This is one of those posts that was more relevant a month ago, but tonight I'm stuck in a hotel room with nothing to do - so it gets addressed today. Enjoy:
Much was made last month as our engagement in Afghanistan marked quote 'the longest war in American history.' I'm not sure how I feel about this. The stat itself assumes an entry of 1963 and withdrawal in 1973 (we were actually there longer) from Vietnam. What's bigger is that over 5 million people died during this conflict. Afghanistan doesn't even come close in terms of blood and treasure, and we've yet to place boots on the ground as long as they were in Indochina; deeming the two fit to compare isn't a measure I'm ready to take.
I worry making the time comparison alone without context does a disservice to our understanding of history and political realities. Additionally, the fact that everyone from John McCain to David Gregory calls Afghanistan the longest war in U.S. history furthers the myth that a war is a war if you call it a war. (Similarly, a war isn't a war if you don't call it one.) So let's start calling Afghanistan missionary work or something, our involvement in Indochina remaining the longest recognized war in U.S. history.
We also need a single definition when we use the word war. If you want to say war is a situation where U.S. troops are deployed and suffer military engagements, that's fine. Call the measures in Afghanistan a war, even though there is no country or leader to fight (various factions lead by tribal warlords notwithstanding). But by this definition, we had a century of warfare whilst cleansing the country of Native Americans. Our War Against Savages (WAS) was ten times longer than the Afghan War. The War on Drugs continues with no immediate end in sight. And yes, Americans have paid for excursions into foreign lands while prosecuting the War on Drugs. We paid more during WAS though.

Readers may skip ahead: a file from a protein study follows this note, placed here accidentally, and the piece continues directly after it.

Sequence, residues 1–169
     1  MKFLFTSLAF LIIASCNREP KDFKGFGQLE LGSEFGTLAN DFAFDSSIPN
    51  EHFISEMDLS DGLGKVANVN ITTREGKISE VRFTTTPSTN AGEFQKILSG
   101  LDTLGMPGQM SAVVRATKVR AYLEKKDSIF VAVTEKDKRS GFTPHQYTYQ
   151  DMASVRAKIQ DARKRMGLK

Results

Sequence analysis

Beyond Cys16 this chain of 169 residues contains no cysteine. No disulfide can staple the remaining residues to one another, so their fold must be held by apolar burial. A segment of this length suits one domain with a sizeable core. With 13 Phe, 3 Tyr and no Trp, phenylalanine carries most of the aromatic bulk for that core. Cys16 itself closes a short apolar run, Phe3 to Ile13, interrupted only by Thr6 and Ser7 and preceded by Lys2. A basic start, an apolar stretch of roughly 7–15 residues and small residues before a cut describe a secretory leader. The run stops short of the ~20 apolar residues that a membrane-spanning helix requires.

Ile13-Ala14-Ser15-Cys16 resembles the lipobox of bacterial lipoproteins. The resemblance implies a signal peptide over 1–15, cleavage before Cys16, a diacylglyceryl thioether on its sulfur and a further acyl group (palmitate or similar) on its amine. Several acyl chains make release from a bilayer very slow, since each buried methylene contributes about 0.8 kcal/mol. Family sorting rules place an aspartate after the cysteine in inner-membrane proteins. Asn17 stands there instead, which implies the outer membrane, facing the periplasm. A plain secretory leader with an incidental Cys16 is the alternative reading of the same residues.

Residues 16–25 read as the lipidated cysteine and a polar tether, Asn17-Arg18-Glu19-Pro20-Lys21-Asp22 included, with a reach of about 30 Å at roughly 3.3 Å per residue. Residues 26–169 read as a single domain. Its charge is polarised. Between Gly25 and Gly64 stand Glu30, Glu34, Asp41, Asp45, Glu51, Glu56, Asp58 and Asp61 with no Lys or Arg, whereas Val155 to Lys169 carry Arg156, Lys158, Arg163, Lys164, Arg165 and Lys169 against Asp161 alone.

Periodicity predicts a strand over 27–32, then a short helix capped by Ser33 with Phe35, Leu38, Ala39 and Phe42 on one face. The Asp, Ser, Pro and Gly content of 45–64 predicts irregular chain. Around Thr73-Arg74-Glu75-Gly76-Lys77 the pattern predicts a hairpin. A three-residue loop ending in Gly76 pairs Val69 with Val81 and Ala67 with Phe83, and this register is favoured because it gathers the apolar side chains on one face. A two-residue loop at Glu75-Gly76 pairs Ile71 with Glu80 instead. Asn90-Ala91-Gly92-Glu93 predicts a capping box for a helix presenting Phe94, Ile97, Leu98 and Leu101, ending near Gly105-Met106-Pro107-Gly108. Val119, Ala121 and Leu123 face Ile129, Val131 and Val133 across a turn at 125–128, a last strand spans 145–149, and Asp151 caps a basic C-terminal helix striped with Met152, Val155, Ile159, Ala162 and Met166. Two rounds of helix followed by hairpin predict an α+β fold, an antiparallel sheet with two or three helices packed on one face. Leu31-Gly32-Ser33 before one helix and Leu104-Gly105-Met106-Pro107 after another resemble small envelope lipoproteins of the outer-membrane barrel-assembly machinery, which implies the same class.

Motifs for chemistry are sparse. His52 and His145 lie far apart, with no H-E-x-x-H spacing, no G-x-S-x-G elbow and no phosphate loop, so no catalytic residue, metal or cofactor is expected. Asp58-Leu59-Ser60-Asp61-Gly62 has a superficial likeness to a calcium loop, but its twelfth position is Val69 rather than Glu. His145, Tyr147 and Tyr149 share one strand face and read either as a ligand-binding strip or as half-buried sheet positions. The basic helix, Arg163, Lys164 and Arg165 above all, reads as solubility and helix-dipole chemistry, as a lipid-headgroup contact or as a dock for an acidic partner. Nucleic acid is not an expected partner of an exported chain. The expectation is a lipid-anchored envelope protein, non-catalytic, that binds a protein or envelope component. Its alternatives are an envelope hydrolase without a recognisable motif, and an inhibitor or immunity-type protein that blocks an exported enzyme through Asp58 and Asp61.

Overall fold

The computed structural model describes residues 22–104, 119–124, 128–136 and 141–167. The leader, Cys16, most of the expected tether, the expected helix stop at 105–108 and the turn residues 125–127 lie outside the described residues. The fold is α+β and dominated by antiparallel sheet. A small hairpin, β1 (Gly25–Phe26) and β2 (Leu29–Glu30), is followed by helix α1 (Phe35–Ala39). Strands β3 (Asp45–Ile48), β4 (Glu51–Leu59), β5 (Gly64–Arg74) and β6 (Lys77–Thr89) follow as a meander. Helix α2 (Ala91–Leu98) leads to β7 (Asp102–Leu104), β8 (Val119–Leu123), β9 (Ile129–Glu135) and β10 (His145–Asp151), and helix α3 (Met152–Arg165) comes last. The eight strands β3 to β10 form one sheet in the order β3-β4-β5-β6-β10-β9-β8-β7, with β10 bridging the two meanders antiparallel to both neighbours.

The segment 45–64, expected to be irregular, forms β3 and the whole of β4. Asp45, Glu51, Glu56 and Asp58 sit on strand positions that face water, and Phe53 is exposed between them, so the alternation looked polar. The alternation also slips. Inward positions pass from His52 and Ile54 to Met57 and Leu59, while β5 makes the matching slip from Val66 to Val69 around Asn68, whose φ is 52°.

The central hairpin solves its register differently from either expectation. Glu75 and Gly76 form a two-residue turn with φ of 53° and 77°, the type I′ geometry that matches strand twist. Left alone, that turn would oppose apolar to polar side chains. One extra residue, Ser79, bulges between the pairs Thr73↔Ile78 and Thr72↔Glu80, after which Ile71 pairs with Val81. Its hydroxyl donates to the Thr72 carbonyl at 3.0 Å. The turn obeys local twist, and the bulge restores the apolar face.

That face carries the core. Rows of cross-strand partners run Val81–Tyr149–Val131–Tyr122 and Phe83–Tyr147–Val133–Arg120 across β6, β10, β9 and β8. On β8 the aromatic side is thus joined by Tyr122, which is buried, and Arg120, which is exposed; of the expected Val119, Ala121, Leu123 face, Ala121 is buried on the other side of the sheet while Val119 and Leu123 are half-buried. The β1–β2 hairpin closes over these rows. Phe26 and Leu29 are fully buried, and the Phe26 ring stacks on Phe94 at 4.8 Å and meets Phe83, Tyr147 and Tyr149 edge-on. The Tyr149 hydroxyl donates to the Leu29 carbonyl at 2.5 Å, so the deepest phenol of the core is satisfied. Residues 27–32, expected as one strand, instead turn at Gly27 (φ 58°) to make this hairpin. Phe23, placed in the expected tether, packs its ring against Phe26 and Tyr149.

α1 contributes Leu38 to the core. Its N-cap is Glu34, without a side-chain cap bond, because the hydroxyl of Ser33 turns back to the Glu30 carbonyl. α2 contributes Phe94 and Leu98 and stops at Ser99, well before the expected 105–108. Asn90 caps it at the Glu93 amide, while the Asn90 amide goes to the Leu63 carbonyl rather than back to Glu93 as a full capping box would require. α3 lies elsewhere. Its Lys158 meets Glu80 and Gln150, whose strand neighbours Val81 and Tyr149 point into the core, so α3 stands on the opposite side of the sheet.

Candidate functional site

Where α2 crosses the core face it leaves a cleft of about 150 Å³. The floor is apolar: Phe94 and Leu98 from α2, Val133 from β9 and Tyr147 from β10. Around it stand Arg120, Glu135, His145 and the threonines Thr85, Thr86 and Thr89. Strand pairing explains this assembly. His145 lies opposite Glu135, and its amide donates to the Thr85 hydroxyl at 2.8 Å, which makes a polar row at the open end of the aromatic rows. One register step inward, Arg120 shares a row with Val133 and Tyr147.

To quench your thirst for a bigger dose of Vietnam War history, statistics for U.S. soldiers: 536,000 deployed. Over 10% KIA, over 50% injured - and these numbers don't come close to the civilian and military losses experienced by Cambodia, Northern, and Southern Vietnam. So call the nation-building in Afghanistan a war, but you disrespect the 5 million that perished in Indochina by glossing over 20% of the past century in throwing around the headline 'longest war in U.S. history' while failing to furnish context because it sounds catchy.